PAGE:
Elisabeth Hasselbeck Calls It Quits on 'Fox & Friends': 4 of Her Greatest Fox News Fails
It was announced this afternoon that one third of the Curvy Couch trio is leaving “Fox & Friends,” forcing co-hosts Steve Doocy and Brian Kilmeade to find a third Fox News lady to fill the am void.
Elisabeth Hasselbeck, who replaced original “Fox & Friends” female co-host Gretchen Carlson just over two years ago, is said to want to return to full-time childrearing, according to a press release from Fox News. Hasselbeck has three children and her husband is a retired NFL star-turned-ESPN analyst.
“With a heart full of gratitude and the peace that God has given me, I am confident that this personal decision is the right one for our family,” Hasselbeck said in a statement:
Oftentimes, the most difficult decisions are between two great things. Throughout my 14 years working in television, I have never experienced a more positive and thoughtful atmosphere than Fox News Channel, thanks to the strong leadership of (Fox News Chairman & CEO) Roger Ailes, who has created the best working environment a woman and mother could ask for. His understanding, compassion, and kindness was exemplified when I shared with him that I am entering into a season where I want to start my day with my children first, and he offered his blessing to do so. With a heart full of gratitude and the peace that God has given me, I am confident that this personal decision is the right one for our family, and we will be joining all of you watching Fox & Friends each morning as we get ready for school together.
While we’ll hardly miss her, here are some of Hasselbeck’s greatest misses on Fox News.
1. That time she complained that President Obama “is more concerned about removing trans fat than ISIS.”
“People are dying left and right,” Hasselbeck cried after a 2014 report on a U.S. rescue operation of Yazidis from ISIS controlled territory in Iraq. “It seems as though the only humanitarian crisis we are looking at right here, aside from this, is the fact that our president is more concerned about removing trans fat than ISIS."
2. The time she attempted to justify Sandra Bland’s arrest: An “irritated” Bland could have “attacked” the officer with a cigarette.
In July, after nationwide outrage erupted over the arrest and subsequent death of Sandra Bland in a small Texas town, Hasselbeck attempted to justify the arresting officer’s threat that he would light up Bland if she refused to exit her vehicle during an otherwise routine traffic stop. “There are times, I’m sure,” Hasselbeck asserted, “someone has, in the history of this land, used a cigarette against a police officer, maybe chucked it at him, pushed it at him”:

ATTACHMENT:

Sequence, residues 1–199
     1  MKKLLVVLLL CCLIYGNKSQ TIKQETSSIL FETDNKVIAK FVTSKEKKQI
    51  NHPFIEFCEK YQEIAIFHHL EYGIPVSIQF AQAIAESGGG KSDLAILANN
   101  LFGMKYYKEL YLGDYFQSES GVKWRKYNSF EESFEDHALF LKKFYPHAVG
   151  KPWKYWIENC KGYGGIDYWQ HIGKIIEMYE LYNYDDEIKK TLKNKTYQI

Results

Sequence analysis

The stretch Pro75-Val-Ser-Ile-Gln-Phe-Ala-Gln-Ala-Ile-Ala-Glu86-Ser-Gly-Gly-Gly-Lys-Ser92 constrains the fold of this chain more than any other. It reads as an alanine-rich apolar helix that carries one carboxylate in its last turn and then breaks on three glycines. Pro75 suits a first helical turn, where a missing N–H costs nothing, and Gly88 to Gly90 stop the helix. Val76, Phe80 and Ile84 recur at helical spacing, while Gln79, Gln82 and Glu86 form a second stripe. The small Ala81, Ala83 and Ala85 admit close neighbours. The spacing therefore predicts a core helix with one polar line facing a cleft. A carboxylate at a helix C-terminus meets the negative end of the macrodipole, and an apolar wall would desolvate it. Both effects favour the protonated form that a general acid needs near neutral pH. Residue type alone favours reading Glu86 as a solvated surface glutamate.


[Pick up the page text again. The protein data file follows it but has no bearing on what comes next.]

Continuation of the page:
3. That time she demanded hysteria and panic over Ebola.
In October 2014, Hasselbeck rushed to push for panicked responses to the West African Ebola crisis a number times on “Fox & Friends.” During one interview, she chastised a medical expert for having “a very calm tone.”
“It must come by nature with what you do professionally, doctor. The rest of us are saying, ‘Wait a minute, there’s a lot of panic when it comes to the flu, to lice.’ As a parent, I’m thinking, ‘Well, there should be a little bit of justification for worry here.’ Am I wrong?”
During another inteview later that month, Hasselbeck was rebuked when she called for a shutting down of the American borders while stoking fears on Fox. “Why are we still letting people into the country who could have possibly been exposed?” she asked. “Why not just shut down the flights and secure the borders? Many of you want to know… Why not, just as a precaution until we get things under control, seal off the border temporarily?”
Anthony Fauci, director of the National Institiute of Allergies and Infectious Diseases at the National Institutes of Health, succinctly and factually shut down her absurd suggestions. “A closing of our borders? I’m sorry, I don’t know what you mean by that … I’m sorry that just doesn’t work.”
“You have Americans there, you have business people there, people of dual citizenship who have to go back and forth. It’s completely impractical. In fact, from a public health standpoint, not helpful to do that. And I think every public health official feels that way.”
4. That time she suggested it would be a great idea to require a test before you vote.
When her cohost Steve Doocy argued that American citizens “should have a test before you vote,” Hasselbeck nodded in agreement with the wholly unconstitutional suggestion, saying “not bad, not bad”: